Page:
She began writing this gem in 2006 and since then has gone on to write various other fairytale re-tellings (such as Bryony and Roses which is based on Beauty and the Beast but involves clockwork bees and gardeners) which I am now very curious to read, indeed! She’s also won a bunch of things like the Hugo, Sequoyah, Mythopoeic, and Nebula awards (and I will now be curiously routing through google to figure out for which works). Apparently, The Seventh Bride was originally released last November as a self-published e-book but since then has been adopted by 47North. For those who have already read the novel last year, there are apparently an additional 8,000-words worth of extra scenes written in this year’s version so it might be worth it for a re-read! The new version is available November 24th (I got mine from Netgalley).
Overall, definitely recommend The Seventh Bride by T. Kingfisher or Ursula Vernon to those who enjoy fairytale re-tellings. This one is equal parts charmingly no-nonsense, equal parts thrillingly haunting in its delivery of the creepy Mr. Fox fairytale.
I give it 4.5 angry butterflies in the throes of stamping their eyelash-sized feet.
“I am certain she will be worth it,” Crevan said, and held out a hand.
Automatically, she held hers out to shake. He caught it instead, with a quick gesture that reminded her of the swan lunging for her lunch, and slide something cold onto her finger. Then he looked down at the silver ring—an engagement ring, it’s an engagement ring—and smiled.
Before she could react, he brought her hand to his lips and kissed the back of it.
Rhea watched this with the expression of someone who had just been handed a dead flounder.
She had read about hand kissing. She knew it happened. It had always struck her as sort of romantic, and yes, she’d had a few daydreams about meeting a man who would kiss her hand, and it would be like a lightning bolt through both of them, and then he’d tell her that he was really a prince wandering the land in search of the maiden of his heart, and, now, that he’d found her, he would sweep her off her feet and take her back to his castle, and she would never have to help dig an outhouse again.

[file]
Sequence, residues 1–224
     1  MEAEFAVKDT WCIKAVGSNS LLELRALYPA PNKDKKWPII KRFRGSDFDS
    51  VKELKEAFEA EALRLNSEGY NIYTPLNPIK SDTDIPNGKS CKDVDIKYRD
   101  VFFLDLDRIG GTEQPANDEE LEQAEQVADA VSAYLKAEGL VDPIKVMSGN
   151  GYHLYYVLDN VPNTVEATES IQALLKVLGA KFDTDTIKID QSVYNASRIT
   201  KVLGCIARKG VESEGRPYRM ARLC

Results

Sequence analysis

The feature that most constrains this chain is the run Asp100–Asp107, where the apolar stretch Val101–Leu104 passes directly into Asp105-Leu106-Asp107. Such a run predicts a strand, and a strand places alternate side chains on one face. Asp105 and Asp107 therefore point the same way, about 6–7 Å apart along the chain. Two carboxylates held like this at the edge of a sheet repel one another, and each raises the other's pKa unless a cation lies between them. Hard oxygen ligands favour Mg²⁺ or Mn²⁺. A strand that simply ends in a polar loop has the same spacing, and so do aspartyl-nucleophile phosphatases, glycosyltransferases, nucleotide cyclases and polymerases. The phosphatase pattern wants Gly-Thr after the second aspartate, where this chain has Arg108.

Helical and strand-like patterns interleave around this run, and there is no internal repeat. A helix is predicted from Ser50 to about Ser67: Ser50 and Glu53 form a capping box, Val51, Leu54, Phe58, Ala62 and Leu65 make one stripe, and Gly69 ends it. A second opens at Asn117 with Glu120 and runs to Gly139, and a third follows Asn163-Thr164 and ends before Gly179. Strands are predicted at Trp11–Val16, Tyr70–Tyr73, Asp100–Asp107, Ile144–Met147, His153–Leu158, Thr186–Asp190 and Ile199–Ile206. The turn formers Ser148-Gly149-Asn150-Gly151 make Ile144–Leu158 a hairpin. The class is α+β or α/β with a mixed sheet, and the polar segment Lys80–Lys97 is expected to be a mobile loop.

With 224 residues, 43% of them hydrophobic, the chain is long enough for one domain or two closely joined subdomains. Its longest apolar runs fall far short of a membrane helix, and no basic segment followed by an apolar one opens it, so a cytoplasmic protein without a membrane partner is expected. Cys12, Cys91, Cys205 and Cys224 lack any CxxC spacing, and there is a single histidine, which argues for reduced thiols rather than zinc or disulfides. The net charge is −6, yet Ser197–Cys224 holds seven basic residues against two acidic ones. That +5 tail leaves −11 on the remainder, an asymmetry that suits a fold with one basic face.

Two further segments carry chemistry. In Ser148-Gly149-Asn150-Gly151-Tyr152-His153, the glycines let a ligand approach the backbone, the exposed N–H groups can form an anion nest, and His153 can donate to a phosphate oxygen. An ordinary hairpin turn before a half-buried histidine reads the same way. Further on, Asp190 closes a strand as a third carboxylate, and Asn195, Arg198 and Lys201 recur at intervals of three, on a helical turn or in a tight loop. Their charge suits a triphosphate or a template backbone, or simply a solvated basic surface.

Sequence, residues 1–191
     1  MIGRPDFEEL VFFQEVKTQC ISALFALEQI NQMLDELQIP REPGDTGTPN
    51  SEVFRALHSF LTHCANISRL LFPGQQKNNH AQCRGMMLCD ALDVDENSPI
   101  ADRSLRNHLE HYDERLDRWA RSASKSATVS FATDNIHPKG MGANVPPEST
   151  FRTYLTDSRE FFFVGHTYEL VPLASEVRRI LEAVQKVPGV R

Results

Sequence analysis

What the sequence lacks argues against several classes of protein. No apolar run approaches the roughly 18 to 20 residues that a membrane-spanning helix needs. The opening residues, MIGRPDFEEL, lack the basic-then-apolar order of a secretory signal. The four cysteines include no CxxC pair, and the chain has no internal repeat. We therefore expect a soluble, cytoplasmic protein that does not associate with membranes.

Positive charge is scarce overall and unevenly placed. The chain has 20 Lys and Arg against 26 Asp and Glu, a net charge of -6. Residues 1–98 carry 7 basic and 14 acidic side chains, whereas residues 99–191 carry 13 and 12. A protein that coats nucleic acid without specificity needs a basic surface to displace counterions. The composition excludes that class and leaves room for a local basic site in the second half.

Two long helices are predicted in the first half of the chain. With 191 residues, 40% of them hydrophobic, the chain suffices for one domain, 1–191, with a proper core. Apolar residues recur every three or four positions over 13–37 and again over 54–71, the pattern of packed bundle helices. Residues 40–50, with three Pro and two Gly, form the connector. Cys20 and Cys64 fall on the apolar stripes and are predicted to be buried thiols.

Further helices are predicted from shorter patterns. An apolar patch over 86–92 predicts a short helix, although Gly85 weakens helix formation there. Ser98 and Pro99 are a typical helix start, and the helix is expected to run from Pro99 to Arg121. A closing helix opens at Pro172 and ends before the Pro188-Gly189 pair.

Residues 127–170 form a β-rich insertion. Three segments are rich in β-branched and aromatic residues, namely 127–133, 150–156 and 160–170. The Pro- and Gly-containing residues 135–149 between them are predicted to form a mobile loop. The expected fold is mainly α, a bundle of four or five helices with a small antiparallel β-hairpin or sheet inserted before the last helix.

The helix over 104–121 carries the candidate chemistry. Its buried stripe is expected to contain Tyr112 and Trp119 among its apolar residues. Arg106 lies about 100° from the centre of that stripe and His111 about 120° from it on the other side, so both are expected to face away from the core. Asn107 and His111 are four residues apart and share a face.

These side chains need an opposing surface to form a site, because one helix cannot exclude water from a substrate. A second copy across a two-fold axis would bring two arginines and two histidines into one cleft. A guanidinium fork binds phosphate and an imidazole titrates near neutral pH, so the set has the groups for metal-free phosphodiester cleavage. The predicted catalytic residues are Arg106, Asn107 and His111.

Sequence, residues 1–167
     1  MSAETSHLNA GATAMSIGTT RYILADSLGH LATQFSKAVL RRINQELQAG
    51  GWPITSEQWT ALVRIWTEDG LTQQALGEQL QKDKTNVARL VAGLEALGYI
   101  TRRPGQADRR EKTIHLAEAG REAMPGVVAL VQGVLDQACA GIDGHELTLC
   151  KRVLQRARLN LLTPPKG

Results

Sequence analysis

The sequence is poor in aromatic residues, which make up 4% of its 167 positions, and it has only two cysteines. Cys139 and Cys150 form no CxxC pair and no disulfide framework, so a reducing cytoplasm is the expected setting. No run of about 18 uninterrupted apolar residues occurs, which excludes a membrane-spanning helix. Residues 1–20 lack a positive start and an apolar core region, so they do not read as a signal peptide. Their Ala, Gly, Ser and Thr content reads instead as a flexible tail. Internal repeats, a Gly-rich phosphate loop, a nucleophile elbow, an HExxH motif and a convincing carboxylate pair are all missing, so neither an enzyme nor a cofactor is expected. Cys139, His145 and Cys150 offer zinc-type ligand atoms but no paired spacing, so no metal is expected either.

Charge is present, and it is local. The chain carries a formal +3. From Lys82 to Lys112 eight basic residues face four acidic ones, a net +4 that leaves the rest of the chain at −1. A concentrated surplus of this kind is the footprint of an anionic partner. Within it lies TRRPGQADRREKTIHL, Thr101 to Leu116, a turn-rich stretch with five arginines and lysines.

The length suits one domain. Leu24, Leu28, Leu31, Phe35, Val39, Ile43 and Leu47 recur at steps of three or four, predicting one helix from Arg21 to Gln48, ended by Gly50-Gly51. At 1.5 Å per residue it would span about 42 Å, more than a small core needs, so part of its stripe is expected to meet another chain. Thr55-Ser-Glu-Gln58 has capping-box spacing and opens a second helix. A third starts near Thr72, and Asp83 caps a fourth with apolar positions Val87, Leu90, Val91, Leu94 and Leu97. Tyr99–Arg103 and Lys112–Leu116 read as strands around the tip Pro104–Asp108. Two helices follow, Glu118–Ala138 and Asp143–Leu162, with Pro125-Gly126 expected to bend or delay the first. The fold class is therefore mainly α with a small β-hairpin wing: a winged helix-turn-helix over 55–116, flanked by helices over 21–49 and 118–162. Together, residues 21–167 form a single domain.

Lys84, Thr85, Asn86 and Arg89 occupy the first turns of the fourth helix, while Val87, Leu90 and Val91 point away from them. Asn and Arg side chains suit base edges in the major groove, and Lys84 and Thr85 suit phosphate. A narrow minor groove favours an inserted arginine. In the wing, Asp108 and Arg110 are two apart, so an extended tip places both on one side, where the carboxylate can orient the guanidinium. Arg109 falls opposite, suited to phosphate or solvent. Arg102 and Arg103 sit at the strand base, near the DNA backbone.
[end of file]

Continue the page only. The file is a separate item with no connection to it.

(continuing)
Rhea’s imagination tended to get a little fuzzy after the bit where they got back to the castle, but the bit about the outhouses was very clear.
But this…this was nothing like those daydreams.
It wasn’t that he slobbered or anything, but it was rather desperately embarrassing. It was wrong. Lords did not ride up on giant roan horses and kiss the hands of millers’ daughters. Well, sometimes they did, but only ravishingly beautiful millers’ daughters, like the ones in the stories, who were brave and true and fair. Rhea figured she was one for three on that list, since she mostly didn’t lie unless it was really important. Probably no one truly brave would be terrified of swans.
She wanted to pull her hand away, but she didn’t. Even if lords didn’t do things like this, millers’ daughters definitely didn’t snub lords.
It didn’t feel romantic. It felt like that moment in a conversation when someone has just said the wrong thing and everyone is standing around trying to figure out how to gloss over it and get past it. She felt embarrassed for everyone involved—for the lord, for herself, and for her father, who was, after all, watching the whole scene.
And then a spark jumped from his fingers to hers, or something that felt like a spark. She twitched and stared stupidly down at her hand. When she looked up again, Crevan was smiling.
It was a smug smile. Rhea didn’t like it at all.